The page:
Good Morning, and thank you for inviting me to address the conference today. Equity and inclusion are topics that energize me.
I commend AMCham TT for taking a leadership role in “embracing equality” for women. In fact, one of my first observations about AmChamTT was the representation of women on the Board of Directors, in its committees, and its membership.
Similarly, it is notable that Trinidad and Tobago has a woman President, a woman Speaker of the House of Representatives, a woman leader of the Opposition and we recently saw the appointment of the first female Commissioner of Police.
In my previous business and civic leadership roles, I have worked to foster inclusion.
Those experiences have taught me that everyone has a role to play in fostering inclusion. For the inclusion of women, men must be allies. And ultimately, integrating marginalized or excluded voices is not about restricting access. Including women is not at the expense of men. Rather, the goal of inclusion is ensuring balanced opportunity and access.
It is also proven that equity and inclusion are economic issues. Societies that exclude entire demographics, restrict access to opportunity, and stifle inclusion pay an economic cost. For example, it is estimated that closing gender gaps in the workforce around the world would add between $12 and $28 trillion in global GDP.
The economic security of women and girls in all of their diversity is essential to the realization of their human rights and fundamental freedoms and strengthening communities, promoting peace and security, and building resilient, growing economies both for the United States and our allies and partners.
On March 8, 2021, President Biden signed Executive Order 14020, Establishing the White House Gender Policy Council. This order charged the Gender Policy Council with developing and implementing a government-wide strategy to advance gender equity and equality in both domestic and foreign policy.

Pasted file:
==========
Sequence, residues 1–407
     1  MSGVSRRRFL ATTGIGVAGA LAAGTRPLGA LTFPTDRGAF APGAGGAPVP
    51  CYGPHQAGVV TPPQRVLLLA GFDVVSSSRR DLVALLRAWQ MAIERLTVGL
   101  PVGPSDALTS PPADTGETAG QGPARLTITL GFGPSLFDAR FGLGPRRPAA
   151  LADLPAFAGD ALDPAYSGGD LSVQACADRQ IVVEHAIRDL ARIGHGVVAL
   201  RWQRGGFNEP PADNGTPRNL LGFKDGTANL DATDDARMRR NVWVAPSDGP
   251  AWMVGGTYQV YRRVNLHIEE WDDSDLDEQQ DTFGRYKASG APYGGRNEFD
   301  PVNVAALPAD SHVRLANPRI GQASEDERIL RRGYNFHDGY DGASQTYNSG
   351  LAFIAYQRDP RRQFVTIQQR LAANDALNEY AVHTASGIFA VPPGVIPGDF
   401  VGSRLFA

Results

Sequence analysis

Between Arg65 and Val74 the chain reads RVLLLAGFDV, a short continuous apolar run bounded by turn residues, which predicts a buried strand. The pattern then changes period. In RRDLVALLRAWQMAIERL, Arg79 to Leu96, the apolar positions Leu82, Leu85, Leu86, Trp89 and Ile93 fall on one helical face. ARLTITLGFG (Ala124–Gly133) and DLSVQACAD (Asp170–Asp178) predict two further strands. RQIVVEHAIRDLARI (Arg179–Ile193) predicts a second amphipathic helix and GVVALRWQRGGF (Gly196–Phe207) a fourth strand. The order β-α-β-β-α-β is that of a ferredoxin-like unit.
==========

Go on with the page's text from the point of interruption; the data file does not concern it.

The National Gender Equity and Equality Strategy is the first-ever national gender strategy in the United States. Only a handful of countries have issued gender strategies, and this strategy’s release in January sends a strong signal about the commitment of the Biden-Harris Administration to advance gender equity and equality both at home and abroad.
As emphasized by Secretary of State Antony Blinken, this strategy underscores that progress will require an intersectional approach that addresses the discrimination, systemic barriers, and human rights abuses and violations that have for too long inhibited the full empowerment of women and girls around the world.
Gender equity and equality are not only a matter of human rights and fairness, but when present together they promote inclusive economic growth; advance peace, security, and the prevention and resolution of conflicts; protect against gender-based violence. Gender equity and equality also enable us to address global challenges more effectively, such as the climate crisis, forced displacement, the COVID-19 pandemic and resulting economic and social disruptions.
Promoting gender equity and equality and the social, economic, and political empowerment of women and girls, in all of their diversity, is a longstanding cornerstone of U.S. foreign policy. Ensuring that all people, regardless of their gender identity, can achieve their full potential is both a moral and a strategic imperative.